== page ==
Canon EF 300mm f/4L IS USM, which replaced a similar model without Image Stabilization technology, is one of about half a dozen telephoto lenses in Canon's current lens lineup. Priced at about US$1,150 (as of July 2007), the lens is probably not going to be the first choice for a beginner photographer, but is nevertheless one of the most affordable long telephoto lenses on the market. The lens is designed for EF mount and on APS-C cameras with 1.6x crop factor it will have a field of view similar to that of a 480mm lens on a full-frame body.
The optical construction of the lens consists of 15 elements in 11 groups, including two UD (ultra low dispersion) glass elements. Build quality is superb, as expected from an L lens - lens barrel is made of lightweight metal, as is built-in extendable lens hood. The focus ring is fully rubberized and very smooth. As mentioned earlier, Canon included second generation Image Stabilization technology with the lens, with two modes of operation.
Canon 300mm f/4L IS USM is certainly no lightweight in the world of telephoto lenses (IS is obviously partially responsible here), weighing 1190g (2.6lb) and measuring 90x221mm (3.5x8.7in). The lens offers ring-type USM AF as well as full-time manual focusing, which can be controlled by a switch on the side of the barrel. The minimum focusing distance is 1.5m (4.9ft), while the minimum aperture is f/32 (aperture is camera controlled, so there's no dedicating aperture ring). The filter size if 77mm. To help improve AF speed, Canon included a focusing distance limiter which allows for two modes: 1.5m to infinity and 3m to infinity.
The lens is compatible with Canon's 1.4x II and 2x II Extenders as well as EF 12 II and EF 25 II Extension Tubes. You can also attach a gelatin filter to the lens using a Gelatin Filter Holder Adapter III or IV. The factory box includes Canon EF 300mm f/4L IS USM lens, front and rear caps, a tripod mount ring, LZ1128 lens case, manual and registration card.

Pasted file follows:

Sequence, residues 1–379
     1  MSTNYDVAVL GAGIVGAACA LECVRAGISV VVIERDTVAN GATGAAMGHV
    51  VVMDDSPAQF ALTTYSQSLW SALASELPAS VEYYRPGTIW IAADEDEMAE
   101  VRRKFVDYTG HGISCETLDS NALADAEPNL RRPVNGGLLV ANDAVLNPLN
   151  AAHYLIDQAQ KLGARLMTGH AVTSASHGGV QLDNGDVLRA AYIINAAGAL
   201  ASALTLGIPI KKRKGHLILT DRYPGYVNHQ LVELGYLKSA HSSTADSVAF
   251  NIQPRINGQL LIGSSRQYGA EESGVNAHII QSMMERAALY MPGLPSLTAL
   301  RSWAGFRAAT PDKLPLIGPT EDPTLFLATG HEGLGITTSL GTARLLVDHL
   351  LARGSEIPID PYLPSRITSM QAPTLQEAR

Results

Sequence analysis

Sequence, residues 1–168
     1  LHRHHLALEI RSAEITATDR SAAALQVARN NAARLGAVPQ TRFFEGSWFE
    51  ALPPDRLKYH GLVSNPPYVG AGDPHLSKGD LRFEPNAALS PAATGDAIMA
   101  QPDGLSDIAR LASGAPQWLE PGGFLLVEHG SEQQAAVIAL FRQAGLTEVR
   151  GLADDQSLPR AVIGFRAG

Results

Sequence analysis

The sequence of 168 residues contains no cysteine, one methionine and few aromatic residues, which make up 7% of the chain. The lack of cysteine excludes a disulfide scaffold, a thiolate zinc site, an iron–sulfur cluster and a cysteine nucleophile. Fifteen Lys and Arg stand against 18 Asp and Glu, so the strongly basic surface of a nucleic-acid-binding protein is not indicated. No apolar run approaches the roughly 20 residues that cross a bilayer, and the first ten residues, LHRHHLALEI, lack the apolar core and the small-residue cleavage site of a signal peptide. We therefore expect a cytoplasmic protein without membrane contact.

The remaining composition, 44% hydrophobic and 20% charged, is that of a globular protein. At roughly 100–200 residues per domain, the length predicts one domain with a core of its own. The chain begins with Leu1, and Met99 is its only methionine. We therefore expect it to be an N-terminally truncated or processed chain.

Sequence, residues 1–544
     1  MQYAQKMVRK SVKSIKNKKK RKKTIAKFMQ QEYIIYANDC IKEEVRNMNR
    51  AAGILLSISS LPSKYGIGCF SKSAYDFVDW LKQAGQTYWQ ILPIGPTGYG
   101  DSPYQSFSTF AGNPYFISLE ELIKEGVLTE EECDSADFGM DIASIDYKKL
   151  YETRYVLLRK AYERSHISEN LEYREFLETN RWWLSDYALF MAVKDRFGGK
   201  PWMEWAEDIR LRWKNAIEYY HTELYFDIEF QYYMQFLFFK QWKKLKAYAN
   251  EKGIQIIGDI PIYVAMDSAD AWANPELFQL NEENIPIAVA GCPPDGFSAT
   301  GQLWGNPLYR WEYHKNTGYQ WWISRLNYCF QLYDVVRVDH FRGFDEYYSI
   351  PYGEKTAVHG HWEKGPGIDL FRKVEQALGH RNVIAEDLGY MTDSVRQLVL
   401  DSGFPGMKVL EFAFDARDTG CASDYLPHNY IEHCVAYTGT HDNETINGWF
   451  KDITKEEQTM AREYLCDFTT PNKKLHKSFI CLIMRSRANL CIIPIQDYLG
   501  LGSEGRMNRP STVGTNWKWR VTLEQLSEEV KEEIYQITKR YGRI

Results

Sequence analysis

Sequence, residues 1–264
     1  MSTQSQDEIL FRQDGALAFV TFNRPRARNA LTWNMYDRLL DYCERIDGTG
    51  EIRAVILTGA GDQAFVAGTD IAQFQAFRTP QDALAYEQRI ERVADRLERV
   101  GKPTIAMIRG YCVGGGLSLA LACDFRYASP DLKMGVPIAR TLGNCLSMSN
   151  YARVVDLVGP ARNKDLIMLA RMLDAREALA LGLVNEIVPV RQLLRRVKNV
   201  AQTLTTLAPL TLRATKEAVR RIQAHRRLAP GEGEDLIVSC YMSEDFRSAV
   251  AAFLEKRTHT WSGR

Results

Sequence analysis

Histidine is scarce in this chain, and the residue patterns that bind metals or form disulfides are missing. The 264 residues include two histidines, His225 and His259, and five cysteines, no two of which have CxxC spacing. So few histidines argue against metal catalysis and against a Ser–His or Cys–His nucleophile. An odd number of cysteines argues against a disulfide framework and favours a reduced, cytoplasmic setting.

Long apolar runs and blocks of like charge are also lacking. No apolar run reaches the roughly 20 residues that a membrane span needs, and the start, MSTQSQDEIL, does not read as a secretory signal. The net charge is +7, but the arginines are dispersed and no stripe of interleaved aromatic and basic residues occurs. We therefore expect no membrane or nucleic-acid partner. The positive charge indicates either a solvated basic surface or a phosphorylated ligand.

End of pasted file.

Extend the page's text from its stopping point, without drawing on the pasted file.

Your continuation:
|Lens Composition||15 elements in 11 groups|
|Angular Field||8 degrees|
|Focusing Action||AF/MF, USM-type|
|f-stop Scale||f/4-f/32, camera-controlled|
|Lens Case||LZ1128 (included)|
The lens showed pretty good performance in the field. Images were sharp and contrasty across the tested aperture range (with colors coming up on a slightly warmer side, which is pretty typical for Canon lenses). There was no visual degradation in border quality across the aperture range. I have not had a chance to test the lens with either of Canon's tele-converters, so it would be interesting to see whether the border performance remains adequate.
The lens handled with ease - while not the lightest telephoto on the market, you can still shoot it from hand, and IS is here to help. As I've been saying in my other reviews, I like the idea of having an image stabilization available for long-range photography, but I am not that convinced that having IS built into a lens is a better option then having it in a camera. Canon could have reduced the size (and probably weight) of the lens had it not been for the IS. Just random rumbling...
Anyhow, AF system was quite fast on this lens, but did hunt occasionally at close distances (closeup photography). But since I used the lens primarily for telephoto shooting, this did not really bother me at all. For those of you who plan to use the lens for closeup photography, you can always switch the lens into MF mode.